9. March 16, 2007 at 5:15 pm

    zofia, did you read the whole article?

  10. nik
    March 17, 2007 at 8:14 am

    I think the “downgraded to full-time nannies” comment is spot on. For all Graff moaning about the NYT focusing upon highly educated women in professional/managerial jobs, she focuses on exactly the same demographic, but just has different aspirations for them. You can see why, the horror of doctors and lawyers ending up doing work that should be reserved for the working classes is just heartbreaking.

  11. nik
    March 17, 2007 at 8:27 am

    I think the “downgraded to full-time nannies” comment is spot on. For all Graff moaning about the NYT focusing upon highly educated women in professional/managerial jobs, she focuses on exactly the same demographic, but just has different aspirations for them. You can see why, doctors and lawyers ending up doing work that should be reserved for their working classes employees – the horror…

    The lives of the poor are made miserable by the burden of supporting children. And I think ‘burden’ is the right word, it’s just very difficult to support children if you don’t have a substantial income. We do need action to make their lives easier. I think what were getting is bourgeoisie-feminism where various doctors, lawyers and managers are pissed that having kids gets in their way on the rise to the top and want action to stop this. I don’t care. This is just sectional class interest.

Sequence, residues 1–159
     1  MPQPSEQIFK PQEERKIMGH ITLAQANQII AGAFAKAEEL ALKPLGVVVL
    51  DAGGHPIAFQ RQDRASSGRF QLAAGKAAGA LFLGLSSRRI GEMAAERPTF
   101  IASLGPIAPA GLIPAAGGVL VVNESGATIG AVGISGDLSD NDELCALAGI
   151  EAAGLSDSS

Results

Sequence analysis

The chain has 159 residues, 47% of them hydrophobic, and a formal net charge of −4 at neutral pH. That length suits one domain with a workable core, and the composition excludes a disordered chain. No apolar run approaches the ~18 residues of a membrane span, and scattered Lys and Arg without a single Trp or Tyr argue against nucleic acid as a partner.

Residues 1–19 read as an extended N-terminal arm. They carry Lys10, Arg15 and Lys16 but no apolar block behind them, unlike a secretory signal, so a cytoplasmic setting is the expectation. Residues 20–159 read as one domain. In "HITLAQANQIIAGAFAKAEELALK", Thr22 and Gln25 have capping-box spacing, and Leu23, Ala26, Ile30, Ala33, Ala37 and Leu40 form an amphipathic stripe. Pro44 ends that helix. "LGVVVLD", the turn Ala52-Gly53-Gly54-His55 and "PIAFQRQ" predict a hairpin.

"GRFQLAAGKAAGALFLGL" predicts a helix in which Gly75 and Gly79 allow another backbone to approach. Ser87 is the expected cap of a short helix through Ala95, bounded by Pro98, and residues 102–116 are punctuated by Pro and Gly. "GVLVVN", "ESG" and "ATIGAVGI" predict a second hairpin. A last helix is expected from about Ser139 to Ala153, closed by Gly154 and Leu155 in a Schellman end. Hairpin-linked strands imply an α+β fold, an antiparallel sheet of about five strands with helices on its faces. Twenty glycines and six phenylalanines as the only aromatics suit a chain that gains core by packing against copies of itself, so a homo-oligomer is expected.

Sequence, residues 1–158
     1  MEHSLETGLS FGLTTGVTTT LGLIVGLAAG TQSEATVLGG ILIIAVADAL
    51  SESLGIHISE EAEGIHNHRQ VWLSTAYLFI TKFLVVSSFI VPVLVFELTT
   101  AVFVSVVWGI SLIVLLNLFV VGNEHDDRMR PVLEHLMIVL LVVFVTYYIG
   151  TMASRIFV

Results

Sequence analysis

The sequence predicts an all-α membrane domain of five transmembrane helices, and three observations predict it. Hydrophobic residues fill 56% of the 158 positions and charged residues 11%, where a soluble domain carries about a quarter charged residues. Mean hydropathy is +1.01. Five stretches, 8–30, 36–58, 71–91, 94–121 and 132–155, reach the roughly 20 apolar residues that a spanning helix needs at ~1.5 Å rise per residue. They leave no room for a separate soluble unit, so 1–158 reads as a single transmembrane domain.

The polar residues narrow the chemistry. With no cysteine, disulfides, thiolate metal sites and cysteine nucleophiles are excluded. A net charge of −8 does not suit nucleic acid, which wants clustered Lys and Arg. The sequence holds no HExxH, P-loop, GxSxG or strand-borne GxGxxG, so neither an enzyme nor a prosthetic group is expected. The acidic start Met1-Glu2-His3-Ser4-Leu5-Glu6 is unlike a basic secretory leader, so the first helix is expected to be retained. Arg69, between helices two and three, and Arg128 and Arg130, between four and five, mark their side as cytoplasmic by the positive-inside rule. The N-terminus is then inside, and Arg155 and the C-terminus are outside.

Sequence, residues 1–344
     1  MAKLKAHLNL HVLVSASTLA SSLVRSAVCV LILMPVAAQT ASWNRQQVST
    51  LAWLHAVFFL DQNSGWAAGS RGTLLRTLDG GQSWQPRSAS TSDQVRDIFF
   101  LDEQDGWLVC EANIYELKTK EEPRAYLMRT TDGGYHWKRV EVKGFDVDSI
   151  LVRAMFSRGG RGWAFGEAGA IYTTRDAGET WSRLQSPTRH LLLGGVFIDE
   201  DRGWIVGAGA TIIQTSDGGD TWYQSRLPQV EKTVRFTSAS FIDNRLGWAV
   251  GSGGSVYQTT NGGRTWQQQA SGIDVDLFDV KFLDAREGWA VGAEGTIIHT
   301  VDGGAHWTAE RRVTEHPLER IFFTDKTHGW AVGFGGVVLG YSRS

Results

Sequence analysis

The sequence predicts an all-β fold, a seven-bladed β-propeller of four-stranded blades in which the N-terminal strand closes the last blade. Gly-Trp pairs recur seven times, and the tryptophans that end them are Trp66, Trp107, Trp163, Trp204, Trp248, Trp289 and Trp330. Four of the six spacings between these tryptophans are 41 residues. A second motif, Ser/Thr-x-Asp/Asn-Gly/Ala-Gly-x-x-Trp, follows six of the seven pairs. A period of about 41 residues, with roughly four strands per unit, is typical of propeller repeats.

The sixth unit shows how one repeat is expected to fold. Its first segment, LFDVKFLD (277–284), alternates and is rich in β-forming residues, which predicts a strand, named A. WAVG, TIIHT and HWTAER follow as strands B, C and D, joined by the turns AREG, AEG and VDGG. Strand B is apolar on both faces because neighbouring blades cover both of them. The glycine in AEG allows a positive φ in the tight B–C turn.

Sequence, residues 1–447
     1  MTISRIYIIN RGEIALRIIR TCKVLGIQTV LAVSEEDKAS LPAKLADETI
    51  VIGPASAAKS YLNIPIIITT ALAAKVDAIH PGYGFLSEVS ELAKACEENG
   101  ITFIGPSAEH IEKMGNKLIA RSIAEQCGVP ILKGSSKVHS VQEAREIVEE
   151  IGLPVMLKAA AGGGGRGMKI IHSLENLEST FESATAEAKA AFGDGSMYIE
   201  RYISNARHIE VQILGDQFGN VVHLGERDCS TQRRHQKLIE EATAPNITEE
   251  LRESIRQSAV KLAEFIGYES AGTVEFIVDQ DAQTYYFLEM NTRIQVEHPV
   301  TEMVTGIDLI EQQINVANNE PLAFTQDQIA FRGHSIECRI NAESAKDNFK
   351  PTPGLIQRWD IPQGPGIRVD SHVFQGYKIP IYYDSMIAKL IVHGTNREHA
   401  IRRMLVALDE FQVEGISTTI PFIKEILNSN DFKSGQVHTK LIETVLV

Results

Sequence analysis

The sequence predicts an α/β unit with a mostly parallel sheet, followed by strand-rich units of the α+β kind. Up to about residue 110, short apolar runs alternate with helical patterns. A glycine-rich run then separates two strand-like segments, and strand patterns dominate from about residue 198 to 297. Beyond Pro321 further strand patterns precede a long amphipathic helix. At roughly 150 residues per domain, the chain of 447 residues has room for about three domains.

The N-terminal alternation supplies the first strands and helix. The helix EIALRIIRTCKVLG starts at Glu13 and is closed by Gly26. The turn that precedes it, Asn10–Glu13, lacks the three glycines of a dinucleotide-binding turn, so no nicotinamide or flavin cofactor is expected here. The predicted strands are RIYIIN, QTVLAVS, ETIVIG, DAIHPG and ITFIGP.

12. March 17, 2007 at 10:46 am

    I think what were getting is bourgeoisie-feminism where various doctors, lawyers and managers are pissed that having kids gets in their way on the rise to the top and want action to stop this.

    Because it’s not sexism if having kids gets in the way of women rising to the top, not men. Those uppity bourgeouis fembitches ought to shut up and be grateful they’re not working at 7-11. The fact that their husbands suffer no similar career hit is irrelevant. Plus, reforms that help women working outside the home are totally classist! Subsidized daycare and mandatory parental leave won’t do anything for the poor.

    Shame when womenfolk get above their raising, isn’t it, nik?

  13. R. Mildred
    March 17, 2007 at 11:02 am

    Because it’s not sexism if having kids gets in the way of women rising to the top, not men.